The letter G in the acronym stands for gay.  The word gay is defined by a man who is attracted solely to other men.

A notable representation of the gay community is the South Korean singer Holland. When he officially debuted in 2018, Holland became the first openly gay K-Pop singer. For us, this may not seem like a huge achievement, but for the LGBTQIA+ community in Korea it was a monumental feat. While homosexual activities are legal in the country, same-sex legal partnership is not and there is a severe lack of anti-discrimination laws protecting the LGBTQIA+ members.

Despite the stigma attached to homosexual people in Korea, Holland bravely made his debut. Using his career and platform to speak of his experiences with the violence inflicted on sexual minorities. He hopes one day that other public figures and ordinary people will get the courage to do the same as he did – embrace their sexuality and quit living in fear.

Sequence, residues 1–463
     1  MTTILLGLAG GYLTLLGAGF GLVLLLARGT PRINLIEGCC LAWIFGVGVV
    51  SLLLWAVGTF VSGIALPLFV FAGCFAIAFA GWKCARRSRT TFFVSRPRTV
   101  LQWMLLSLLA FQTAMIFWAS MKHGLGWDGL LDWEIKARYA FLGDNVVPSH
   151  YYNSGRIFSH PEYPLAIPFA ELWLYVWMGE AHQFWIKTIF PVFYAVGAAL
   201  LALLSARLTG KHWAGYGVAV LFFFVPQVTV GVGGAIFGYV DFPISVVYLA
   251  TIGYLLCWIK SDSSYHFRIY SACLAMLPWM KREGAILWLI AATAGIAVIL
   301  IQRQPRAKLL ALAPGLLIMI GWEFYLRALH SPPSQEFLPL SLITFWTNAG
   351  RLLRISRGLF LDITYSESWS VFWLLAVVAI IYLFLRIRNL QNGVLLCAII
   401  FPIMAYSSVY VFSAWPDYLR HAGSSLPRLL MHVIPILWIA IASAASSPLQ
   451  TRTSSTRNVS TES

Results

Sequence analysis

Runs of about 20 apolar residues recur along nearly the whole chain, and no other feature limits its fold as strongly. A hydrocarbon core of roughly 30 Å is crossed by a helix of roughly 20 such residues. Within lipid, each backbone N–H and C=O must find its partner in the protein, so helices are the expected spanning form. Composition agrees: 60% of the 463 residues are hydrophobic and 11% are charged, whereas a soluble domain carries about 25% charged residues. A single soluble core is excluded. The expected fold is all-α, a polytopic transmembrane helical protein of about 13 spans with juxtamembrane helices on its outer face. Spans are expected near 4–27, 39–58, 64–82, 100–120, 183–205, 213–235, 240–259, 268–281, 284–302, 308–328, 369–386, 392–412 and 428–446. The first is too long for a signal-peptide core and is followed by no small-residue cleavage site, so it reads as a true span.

Bisexual Michael Page, Public domain, via Wikimedia Commons

B – Bisexual

Bisexuality is when one is attracted to more than one gender. Bisexual people experience romantic and/or sexual attraction to people from the same gender as them, as well as to people with different ones.

One of the most beloved actresses of the all-time favorite show Brooklyn Nine-Nine, is the modern bi-icon Stephanie Beatriz.